• Students who worked in small groups (72%) on a regular basis in their classrooms also made significant gains in the inquiry test.

In the cases where the inquiry test was administer to a control group, we found that:

  • JASON students (52%) did better (1 to 7) than the control group (38%) in the inquiry test;
  • JASON students specifically performed better in the area of process/scientific argument building.

Video Assessment Results:
Based on inter-scorer reliability analysis, we found that the overall reliability of the scores given to JASON students' videotaped presentations of their projects was 88 percent. Relative to other research projects using similar assessment techniques, these scorers achieved an extremely high level of reliability (Frederiksen, 1994a).

Based on cluster analysis determined as groupings in which the three dimensions of scoring (understanding, critical thinking, and communications skills) have maximally distinct means and the coding of each assessment dimension on a scale of 1 to 5, we found that:

  • Fifty percent (50%) of the sample fell into the High Cluster (3.6 to 3.7). These scores were high and consistent across the three assessment dimensions;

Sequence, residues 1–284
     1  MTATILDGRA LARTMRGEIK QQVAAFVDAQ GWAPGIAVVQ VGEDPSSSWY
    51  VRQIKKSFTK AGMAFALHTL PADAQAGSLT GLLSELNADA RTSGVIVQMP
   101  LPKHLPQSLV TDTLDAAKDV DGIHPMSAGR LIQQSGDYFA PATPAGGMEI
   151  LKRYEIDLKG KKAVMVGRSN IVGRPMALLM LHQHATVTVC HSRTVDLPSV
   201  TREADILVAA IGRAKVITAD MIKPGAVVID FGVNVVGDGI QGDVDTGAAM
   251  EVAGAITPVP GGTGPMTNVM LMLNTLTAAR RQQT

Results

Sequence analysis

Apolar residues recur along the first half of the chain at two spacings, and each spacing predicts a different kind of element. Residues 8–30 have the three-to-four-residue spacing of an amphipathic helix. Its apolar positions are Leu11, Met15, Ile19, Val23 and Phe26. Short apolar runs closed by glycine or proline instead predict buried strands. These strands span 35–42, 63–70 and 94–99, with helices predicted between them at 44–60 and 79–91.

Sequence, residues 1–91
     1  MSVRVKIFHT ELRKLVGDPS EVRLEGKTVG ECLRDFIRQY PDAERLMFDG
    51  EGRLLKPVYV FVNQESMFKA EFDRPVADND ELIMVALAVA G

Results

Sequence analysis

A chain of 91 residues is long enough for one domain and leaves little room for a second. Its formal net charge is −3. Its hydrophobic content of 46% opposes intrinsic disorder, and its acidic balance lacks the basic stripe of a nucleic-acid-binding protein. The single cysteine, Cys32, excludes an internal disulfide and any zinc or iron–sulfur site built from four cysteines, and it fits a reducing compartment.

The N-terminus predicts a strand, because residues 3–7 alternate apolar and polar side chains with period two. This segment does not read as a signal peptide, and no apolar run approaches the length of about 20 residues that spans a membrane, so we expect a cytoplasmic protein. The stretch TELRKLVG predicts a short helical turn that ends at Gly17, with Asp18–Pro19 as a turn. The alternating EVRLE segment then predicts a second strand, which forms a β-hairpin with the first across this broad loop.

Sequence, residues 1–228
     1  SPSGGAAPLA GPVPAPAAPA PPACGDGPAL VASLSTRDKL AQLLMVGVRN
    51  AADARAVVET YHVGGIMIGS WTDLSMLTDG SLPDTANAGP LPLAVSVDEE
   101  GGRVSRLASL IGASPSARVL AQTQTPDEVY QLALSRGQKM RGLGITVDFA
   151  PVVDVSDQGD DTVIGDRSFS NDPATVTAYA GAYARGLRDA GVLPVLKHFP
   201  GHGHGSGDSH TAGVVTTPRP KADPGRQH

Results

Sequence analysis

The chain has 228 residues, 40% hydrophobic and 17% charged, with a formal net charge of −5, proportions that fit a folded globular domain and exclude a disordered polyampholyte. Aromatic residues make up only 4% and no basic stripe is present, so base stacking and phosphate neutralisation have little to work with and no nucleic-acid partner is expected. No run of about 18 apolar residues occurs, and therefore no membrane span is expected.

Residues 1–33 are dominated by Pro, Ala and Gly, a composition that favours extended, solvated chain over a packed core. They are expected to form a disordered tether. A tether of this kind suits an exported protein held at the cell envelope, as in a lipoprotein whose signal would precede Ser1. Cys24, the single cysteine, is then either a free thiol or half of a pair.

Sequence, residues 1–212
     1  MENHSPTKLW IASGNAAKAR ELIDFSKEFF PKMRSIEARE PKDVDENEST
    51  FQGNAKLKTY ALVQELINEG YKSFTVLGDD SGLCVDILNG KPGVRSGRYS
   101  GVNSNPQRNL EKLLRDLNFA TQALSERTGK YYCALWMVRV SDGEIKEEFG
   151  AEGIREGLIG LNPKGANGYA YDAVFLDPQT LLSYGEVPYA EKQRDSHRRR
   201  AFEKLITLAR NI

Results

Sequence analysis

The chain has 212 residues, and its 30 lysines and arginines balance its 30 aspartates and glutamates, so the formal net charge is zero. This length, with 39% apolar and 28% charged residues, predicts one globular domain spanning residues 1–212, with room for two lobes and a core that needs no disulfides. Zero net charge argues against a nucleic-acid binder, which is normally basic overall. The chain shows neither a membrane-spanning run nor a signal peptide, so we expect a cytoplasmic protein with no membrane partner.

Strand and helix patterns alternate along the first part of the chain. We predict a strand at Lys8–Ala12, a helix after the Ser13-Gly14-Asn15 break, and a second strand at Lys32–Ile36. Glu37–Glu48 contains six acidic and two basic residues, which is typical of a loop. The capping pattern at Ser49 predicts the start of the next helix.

• Thirty-one percent (31%) of the sample fell into the Middle Cluster (2.4 to 2.6). Scores for this cluster were average;
  • Nineteen percent (19%) of the sample was in the Low Cluster (1.7 to 2.1).

A further analysis of the videotaped presentations reveals that:

  • The overall score of more than half of the students' videotaped presentations were high (3.8);
  • Of the students' videotaped performances scoring at or above three (56%) across three assessment dimensions, most of them did better (66%) in critical thinking;
  • Ten presentations (31%) from Texas, Long Island, Arkansas, Michigan, and Wisconsin scored high (at or above 3) consistently across the three dimensions of scoring. Inferential statistics from the student's survey data indicate that most of the students from these five states knew the general goals of the JASON Project, and the topic of this year's JASON curriculum;
  • Three presentations from Arkansas and Wisconsin scored very high (at or above 4) across the three dimensions. All three projects addressed topics from the JASON curriculum: plate tectonics, cultures and history of Hawaii, and volcanoes.

Based on this first year in-depth study, we are in the process of adeveloping a multi-year large scale evaluation of the JASON Project, which also will be discussed at this session.


Harouna Ba